WDRB INVESTIGATION: How Louisville's new bridge toll system ran out of transponders
Hours away from the start of tolling, drivers already had blown past the goal for transponders set by the states’ marketing consultants, rapidly depleting the inventory ordered in early 2016, WDRB News has found.
LOUISVILLE, Ky. (WDRB) – Less than two weeks after Kentucky and Indiana began charging drivers to cross the new Ohio River bridges, the high-tech toll system called RiverLink hit a snag.
It ran out of transponders.
Supplies of the free, windshield-mounted stickers had been dwindling even before tolls started on December 30. People waited up to an hour-and-a-half at customer service centers and jammed phone lines.
On December 29, in a final reminder of the all-electronic toll network set to start the next day, project spokeswoman Mindy Peterson told reporters that “more than 150,000 RiverLink transponders have been ordered.” Asked if RiverLink had a sufficient amount to meet demand, she said: “We do.”
But she also warned that amount might not last well into January.
Indeed, on the eve of tolling, drivers already had blown past the goal for transponders set by the states’ marketing consultants, rapidly depleting the inventory ordered in early 2016, WDRB News has found.
On January 2, tolling officials announced that transponders were running low. Eleven days later, they were gone.
In hindsight, Peterson said, RiverLink should have had more transponders on hand. But she noted that the states were following the recommendations of several different consultants that believed 154,700 devices were enough to last through the start of tolling.
“Should it have been front loaded? Probably so,” she said. “But we also said this should be the number for the year, and seeing where we were at the end of November, there was no reason to think we were in danger of running out of these transponders.”
As a result, thousands of drivers continue to wait for their transponders nearly one month after tolls began. It’s one of several hiccups for RiverLink, alongside reports of incorrectly classified tolls and difficulties reaching customer service representatives.
Drivers asked for 70,000 transponders from the time they were available in July until the end of November, according to RiverLink data. There were 100,000 orders in December alone.
The states expected a rush on transponders as people sought to sign up for RiverLink. Accounts with prepaid transponders offer the lowest rate -- $2 per crossing the Interstate 65 Lincoln and Kennedy bridges, and the upriver Lewis and Clark Bridge.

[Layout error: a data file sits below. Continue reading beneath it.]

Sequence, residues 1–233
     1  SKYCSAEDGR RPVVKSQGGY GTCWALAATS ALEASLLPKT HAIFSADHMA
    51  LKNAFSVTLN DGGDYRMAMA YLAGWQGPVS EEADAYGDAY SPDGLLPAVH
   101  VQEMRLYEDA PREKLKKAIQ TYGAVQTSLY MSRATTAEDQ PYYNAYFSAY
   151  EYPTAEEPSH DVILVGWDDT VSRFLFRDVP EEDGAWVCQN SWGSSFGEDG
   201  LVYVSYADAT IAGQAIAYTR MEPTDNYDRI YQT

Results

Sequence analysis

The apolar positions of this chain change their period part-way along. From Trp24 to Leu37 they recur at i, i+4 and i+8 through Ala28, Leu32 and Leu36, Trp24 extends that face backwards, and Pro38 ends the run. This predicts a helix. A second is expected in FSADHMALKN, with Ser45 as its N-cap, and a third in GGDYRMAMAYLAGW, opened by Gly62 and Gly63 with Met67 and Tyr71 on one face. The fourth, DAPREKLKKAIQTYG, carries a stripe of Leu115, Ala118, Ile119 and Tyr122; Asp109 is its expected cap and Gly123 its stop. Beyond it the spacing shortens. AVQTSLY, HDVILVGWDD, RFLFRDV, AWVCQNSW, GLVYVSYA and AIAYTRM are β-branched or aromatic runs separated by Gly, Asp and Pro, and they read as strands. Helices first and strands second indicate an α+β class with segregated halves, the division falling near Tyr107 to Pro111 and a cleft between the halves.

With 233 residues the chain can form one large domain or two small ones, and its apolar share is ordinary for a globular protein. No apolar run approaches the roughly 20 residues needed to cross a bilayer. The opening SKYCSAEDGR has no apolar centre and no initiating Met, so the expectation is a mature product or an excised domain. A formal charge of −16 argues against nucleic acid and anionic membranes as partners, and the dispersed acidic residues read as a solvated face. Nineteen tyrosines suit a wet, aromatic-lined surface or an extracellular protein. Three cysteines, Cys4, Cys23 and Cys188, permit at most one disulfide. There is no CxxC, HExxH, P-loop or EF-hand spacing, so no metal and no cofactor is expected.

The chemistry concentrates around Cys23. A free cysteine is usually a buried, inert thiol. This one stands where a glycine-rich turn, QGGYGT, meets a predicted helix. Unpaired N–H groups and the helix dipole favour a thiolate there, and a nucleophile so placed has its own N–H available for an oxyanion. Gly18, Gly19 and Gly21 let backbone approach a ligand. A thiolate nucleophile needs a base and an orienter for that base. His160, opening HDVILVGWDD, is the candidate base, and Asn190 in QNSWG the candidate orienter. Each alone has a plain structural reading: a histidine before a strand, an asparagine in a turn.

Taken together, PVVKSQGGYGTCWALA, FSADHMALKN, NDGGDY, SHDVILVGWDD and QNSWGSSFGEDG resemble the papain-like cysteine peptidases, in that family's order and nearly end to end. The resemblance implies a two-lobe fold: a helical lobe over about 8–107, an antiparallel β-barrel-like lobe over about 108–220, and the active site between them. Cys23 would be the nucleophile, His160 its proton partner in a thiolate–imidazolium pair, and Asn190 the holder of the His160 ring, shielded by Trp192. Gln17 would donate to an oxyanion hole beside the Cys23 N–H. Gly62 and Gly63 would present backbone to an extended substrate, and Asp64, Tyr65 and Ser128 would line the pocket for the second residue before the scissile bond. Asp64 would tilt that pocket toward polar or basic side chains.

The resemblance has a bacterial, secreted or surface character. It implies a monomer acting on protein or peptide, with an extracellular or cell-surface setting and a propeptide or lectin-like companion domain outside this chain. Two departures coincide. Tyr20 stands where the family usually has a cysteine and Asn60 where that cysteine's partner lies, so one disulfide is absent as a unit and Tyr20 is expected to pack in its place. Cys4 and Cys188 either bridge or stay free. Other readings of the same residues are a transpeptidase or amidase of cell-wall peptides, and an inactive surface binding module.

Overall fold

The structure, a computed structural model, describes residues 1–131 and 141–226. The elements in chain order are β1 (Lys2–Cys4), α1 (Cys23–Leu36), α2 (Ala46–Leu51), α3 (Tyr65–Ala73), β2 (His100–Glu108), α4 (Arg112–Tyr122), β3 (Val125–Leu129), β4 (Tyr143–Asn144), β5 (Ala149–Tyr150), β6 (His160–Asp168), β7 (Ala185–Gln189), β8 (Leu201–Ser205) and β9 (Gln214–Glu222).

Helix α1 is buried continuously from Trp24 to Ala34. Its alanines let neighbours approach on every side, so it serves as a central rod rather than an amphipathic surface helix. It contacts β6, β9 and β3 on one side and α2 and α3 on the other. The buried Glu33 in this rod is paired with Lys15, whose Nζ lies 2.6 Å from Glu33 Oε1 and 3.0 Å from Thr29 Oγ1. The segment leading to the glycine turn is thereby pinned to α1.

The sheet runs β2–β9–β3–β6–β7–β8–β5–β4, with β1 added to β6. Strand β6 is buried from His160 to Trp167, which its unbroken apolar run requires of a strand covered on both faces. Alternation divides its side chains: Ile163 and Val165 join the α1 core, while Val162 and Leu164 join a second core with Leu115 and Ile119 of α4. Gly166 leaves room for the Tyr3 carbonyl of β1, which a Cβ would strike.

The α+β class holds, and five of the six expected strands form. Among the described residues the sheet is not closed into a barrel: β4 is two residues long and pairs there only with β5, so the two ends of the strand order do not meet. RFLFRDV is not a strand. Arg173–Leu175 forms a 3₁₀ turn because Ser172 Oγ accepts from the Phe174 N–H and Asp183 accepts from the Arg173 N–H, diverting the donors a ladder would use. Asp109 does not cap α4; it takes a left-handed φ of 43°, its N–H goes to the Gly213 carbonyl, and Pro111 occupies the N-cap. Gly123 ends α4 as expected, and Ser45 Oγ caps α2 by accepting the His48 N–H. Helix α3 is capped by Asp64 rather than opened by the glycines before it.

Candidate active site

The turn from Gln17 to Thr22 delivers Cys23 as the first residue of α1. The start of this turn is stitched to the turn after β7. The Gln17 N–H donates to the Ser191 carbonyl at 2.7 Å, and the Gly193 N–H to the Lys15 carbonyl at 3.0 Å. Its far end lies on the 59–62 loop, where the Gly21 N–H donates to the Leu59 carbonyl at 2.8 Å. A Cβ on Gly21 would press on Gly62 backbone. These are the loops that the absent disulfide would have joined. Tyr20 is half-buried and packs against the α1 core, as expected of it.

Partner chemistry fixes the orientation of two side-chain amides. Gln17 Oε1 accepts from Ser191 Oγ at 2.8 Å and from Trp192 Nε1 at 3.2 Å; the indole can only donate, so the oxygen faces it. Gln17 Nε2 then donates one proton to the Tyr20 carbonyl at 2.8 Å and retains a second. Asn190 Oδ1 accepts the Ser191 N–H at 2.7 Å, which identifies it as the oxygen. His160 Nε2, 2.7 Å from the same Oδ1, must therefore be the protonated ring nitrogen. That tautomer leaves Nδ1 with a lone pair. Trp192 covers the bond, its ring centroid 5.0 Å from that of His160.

After the transponders ran out, RiverLink let drivers who had requested them still qualify for the $2 rate.
“If you’re going to find a problem with a new tolling system, I would argue this is the one that you want to have because nobody is being hurt,” Peterson said.
Keith Reesor doesn’t see it that way. Reesor, who lives in Clark County, Ind., and crosses the Ohio River on the I-65 toll bridges each weekday, said he hasn’t received a transponder from an order last month.
Reesor works in the paint shop at the University of Louisville’s Belknap Campus. He said commuting across the river to work means his family will spend more each year on tolls than on property taxes.
So Reesor is counting on RiverLink’s frequent-driver discount -- $1 per crossing, as long as he makes the required 40 trips per month – to keep his toll bills low. For now, without a transponder, he is relying on cameras to accurately capture his license plate and record each crossing.
But there’s one problem: Reesor says that’s not happening.
He said he has noticed discrepancies when checking his RiverLink account online. For example, in some cases, trips to work in the morning have shown up, while those heading north on the Lincoln back home have not.
RiverLink has acknowledged that it sometimes takes days for customers’ accounts to be updated. Reesor, however, said some of his trips aren’t posting.
“A lot of days they don’t get me going across the river,” he said. “They say I haven’t crossed it—and I have.”
Reesor believes a transponder would help RiverLink more accurately track his use of the toll bridges. Instead, he said, he has made unnecessary trips in an effort to meet the frequent-user threshold for January.
“It’s been three years in the making,” Reesor said. “They should have had all the bugs fixed and everything else, as far as I’m concerned.”
Transponder shortages rare
Thus far, drivers have asked for more than 200,000 transponders -- 164,000 free, local RiverLink stickers and nearly 37,000 RiverLink E-ZPass transponders, which also work on toll roads in 16 other states.